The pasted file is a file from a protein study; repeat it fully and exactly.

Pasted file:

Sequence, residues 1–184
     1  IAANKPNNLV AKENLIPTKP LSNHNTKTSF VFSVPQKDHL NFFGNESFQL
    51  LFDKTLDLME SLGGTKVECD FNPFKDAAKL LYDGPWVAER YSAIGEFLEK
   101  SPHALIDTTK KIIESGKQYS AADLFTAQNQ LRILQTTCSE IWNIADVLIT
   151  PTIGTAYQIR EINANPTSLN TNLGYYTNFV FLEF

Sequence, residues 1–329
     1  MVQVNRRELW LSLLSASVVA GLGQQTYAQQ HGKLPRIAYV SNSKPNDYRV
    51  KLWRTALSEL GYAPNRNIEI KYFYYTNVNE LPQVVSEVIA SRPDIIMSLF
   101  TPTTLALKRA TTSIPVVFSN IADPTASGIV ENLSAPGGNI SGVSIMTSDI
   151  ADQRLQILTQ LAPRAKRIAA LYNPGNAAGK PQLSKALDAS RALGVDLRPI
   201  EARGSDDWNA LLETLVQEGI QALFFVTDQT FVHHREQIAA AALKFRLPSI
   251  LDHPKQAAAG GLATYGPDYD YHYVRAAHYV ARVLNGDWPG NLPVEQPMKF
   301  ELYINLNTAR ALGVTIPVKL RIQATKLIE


Sequence, residues 1–184
     1  IAANKPNNLV AKENLIPTKP LSNHNTKTSF VFSVPQKDHL NFFGNESFQL
    51  LFDKTLDLME SLGGTKVECD FNPFKDAAKL LYDGPWVAER YSAIGEFLEK
   101  SPHALIDTTK KIIESGKQYS AADLFTAQNQ LRILQTTCSE IWNIADVLIT
   151  PTIGTAYQIR EINANPTSLN TNLGYYTNFV FLEF

Sequence, residues 1–329
     1  MVQVNRRELW LSLLSASVVA GLGQQTYAQQ HGKLPRIAYV SNSKPNDYRV
    51  KLWRTALSEL GYAPNRNIEI KYFYYTNVNE LPQVVSEVIA SRPDIIMSLF
   101  TPTTLALKRA TTSIPVVFSN IADPTASGIV ENLSAPGGNI SGVSIMTSDI
   151  ADQRLQILTQ LAPRAKRIAA LYNPGNAAGK PQLSKALDAS RALGVDLRPI
   201  EARGSDDWNA LLETLVQEGI QALFFVTDQT FVHHREQIAA AALKFRLPSI
   251  LDHPKQAAAG GLATYGPDYD YHYVRAAHYV ARVLNGDWPG NLPVEQPMKF
   301  ELYINLNTAR ALGVTIPVKL RIQATKLIE